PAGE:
CIVIL PROCEDURE: DISTINCTION BETWEEN MOTIONS FOR REHEARING AND MOTIONS FOR RECONSIDERATION: MOTIONS FOR REHEARING ARE TAKEN FROM FINAL ORDERS AND MUST BE FILED WITHIN FIFTEEN DAYS: MOTIONS FOR RECONSIDERATION ARE TAKEN FROM NONFINAL ORDERS AND MUST BE FILED BEFORE ENTRY OF FINAL JUDGMENT: NOMENCLATURE IS NOT CONTROLLING: ORDER MODIFYING MAGISTRATE’S REPORT WAS NONFINAL: AS A RESULT, MOTION FOR RECONSIDERATION WAS TIMELY, AND TRIAL COURT POSSESSED JURISDICTION TO ENTER SUA SPONTE ORDER VACATING DENIAL OF MOTION FOR RECONSIDERATION; APPEALS: CERTIORARI: MANDAMUS

Seigler v. Bell, ___ So. 3d ___, 39 Fla. L. Weekly D2012 (Fla. 5th DCA September 19, 2014)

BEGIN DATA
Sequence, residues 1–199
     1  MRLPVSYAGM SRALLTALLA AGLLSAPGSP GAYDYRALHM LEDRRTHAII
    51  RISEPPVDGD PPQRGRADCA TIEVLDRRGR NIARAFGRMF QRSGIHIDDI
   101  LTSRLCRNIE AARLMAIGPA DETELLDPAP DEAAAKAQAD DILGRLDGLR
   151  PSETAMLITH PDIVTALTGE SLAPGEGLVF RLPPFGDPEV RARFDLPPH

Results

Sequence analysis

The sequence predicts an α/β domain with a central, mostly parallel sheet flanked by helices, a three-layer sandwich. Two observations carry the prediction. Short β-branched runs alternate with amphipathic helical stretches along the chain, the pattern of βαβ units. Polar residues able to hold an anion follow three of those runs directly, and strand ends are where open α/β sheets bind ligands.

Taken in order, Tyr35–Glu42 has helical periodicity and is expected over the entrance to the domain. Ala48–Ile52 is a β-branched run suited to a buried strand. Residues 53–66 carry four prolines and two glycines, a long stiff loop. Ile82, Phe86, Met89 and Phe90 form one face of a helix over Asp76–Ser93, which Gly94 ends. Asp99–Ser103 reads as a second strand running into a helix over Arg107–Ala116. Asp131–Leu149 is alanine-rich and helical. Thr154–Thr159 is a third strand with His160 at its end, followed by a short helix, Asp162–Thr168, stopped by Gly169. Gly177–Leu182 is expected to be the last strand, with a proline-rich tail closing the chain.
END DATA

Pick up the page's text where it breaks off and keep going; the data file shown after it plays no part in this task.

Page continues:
Motions for rehearing are taken from final orders.  A motion for rehearing must be filed within fifteen days.  Motions for reconsideration are taken from nonfinal orders.  A motion for reconsideration may be filed at any time before final judgment is entered. Nomenclature is not controlling.  An order modifying a magistrate’s report, without reducing it to judgment, was not a final order.  As a result, a motion for rehearing or reconsideration from the order was actually a motion for reconsideration, and the fifteen day time limit for motions for rehearing was inapplicable, the motion was timely, and  the trial court was authorized, sua sponte, to vacate its order denying the motion for reconsideration.  The order was not reviewable by certiorari because it did not depart from the essential requirements of law or result in irreparable harm.  In addition, mandamus was unavailable because “the trial court had the authority to enter its sua sponte order.”